How effective is medicinal marijuana in treating the side effects of chemotherapy over time?
Very effective. A growing number of cancer patients and oncologists view the drug as a viable alternative for managing chemotherapy’s effects, as well as some of the physical and emotional health consequences of cancer, such as bone pain, anxiety and depression.
Thomas Green, MD
I went into medicine to try to cure and to alleviate pain, both physical and psychological. During the 11 years of medical school, internship and residency I was introduced to the science and the possibilities of improving lives and the harsh realities of inability to do so at all times.
After residency, when I opened my practice, I had the world opened to me. I was now able to practice using pharmaceutical medications and learn about their off label uses. When we learn the theory of the pharmaceutical properties, we can start to consider their use in ways that the DEA has not yet studied. Over time I also had the chance to work closely with naturopathic physicians and chiropractors and to experience their contrasting methods of approaching diseases from the way I was trained. And we all shared the same hope of improvement of the human condition.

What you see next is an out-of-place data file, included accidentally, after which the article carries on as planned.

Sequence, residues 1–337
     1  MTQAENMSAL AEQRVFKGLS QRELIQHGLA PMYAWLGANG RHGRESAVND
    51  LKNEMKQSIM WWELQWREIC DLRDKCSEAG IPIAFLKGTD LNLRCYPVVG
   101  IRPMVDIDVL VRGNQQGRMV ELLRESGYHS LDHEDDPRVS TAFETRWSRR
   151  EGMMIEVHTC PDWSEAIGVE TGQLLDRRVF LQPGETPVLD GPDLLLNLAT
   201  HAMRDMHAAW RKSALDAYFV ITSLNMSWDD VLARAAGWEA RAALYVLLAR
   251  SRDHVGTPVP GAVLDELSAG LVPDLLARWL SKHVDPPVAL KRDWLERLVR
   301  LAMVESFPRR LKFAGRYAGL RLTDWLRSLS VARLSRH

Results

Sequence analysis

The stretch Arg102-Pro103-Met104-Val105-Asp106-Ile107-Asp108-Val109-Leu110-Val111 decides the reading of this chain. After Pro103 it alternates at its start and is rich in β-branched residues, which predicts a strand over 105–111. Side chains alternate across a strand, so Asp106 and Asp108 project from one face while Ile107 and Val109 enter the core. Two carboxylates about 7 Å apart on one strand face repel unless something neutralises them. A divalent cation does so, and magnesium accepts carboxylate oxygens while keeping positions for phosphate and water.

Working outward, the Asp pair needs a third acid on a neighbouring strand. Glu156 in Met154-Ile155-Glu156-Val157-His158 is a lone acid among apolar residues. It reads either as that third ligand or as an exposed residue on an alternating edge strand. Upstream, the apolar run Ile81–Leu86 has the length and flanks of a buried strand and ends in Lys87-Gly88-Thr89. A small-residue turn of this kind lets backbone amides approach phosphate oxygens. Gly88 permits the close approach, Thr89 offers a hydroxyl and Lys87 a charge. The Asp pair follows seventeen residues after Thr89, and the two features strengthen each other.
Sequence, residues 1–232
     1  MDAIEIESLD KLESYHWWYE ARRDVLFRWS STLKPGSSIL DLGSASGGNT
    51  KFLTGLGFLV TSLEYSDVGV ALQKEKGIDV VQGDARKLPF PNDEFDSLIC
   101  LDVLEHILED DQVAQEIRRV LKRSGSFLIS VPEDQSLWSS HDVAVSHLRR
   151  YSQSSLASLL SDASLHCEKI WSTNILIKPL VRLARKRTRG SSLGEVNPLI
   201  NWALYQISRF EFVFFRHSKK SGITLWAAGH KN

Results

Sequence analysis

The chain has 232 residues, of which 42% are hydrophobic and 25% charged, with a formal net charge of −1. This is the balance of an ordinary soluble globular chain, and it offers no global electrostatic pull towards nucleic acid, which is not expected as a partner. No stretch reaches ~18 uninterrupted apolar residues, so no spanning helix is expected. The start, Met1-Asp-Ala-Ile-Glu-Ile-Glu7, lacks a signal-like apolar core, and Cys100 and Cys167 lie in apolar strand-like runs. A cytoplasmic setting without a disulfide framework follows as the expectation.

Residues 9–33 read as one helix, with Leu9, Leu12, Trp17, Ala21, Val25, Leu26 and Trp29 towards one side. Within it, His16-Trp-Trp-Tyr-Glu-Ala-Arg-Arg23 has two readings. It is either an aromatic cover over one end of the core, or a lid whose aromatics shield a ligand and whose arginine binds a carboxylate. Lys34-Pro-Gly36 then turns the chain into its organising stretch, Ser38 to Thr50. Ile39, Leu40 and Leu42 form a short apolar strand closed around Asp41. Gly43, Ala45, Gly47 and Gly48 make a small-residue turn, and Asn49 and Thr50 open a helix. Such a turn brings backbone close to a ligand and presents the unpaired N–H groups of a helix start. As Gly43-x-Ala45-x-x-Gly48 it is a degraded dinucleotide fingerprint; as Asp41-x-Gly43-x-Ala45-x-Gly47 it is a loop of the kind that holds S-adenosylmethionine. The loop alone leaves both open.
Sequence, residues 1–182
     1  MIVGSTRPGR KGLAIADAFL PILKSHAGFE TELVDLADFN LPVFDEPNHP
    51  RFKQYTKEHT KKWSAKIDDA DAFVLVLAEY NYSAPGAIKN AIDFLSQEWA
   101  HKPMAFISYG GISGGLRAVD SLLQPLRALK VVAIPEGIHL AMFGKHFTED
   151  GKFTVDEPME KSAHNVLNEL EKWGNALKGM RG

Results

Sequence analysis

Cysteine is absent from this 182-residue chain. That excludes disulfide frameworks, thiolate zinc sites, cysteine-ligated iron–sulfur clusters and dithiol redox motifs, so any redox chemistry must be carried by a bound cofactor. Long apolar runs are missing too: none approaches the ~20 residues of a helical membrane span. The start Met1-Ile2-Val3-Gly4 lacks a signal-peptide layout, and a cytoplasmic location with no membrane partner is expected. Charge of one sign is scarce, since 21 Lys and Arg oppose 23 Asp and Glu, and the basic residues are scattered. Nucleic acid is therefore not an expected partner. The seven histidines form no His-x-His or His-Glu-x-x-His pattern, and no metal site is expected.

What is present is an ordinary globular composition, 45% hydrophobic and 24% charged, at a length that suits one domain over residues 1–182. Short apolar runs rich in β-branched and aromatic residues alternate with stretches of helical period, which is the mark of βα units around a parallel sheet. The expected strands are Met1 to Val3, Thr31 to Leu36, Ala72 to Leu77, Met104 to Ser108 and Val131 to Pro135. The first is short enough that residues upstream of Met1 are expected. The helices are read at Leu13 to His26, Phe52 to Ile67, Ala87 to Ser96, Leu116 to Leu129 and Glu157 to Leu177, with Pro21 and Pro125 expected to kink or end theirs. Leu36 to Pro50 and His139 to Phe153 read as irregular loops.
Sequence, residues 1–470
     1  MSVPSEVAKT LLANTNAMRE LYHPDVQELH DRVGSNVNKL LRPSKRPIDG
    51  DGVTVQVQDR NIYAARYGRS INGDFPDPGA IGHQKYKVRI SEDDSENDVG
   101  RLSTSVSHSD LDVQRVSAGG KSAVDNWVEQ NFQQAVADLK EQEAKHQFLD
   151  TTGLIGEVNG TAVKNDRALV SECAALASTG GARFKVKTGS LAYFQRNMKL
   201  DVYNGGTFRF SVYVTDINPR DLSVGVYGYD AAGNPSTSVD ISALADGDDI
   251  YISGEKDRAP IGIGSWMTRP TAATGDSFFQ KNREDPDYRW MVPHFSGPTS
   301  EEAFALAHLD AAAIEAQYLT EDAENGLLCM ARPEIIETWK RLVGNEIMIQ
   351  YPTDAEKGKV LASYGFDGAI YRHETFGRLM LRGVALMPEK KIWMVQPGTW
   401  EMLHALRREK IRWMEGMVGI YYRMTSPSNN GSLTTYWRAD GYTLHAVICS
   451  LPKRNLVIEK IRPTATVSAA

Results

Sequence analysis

The use of Cannabis has been a conundrum for practicing MDs. Since it’s use is still a federal offence, one has to consider the possible loss of their DEA license for prescribing Cannabis. For MDs much of the knowledge of the drug is anaecdotal from their patients.
Now after 11 years of training and 32 years of clinical practice I have had the chance to evaluate the use and misuse of many drugs. I hope to share my experiences with others.
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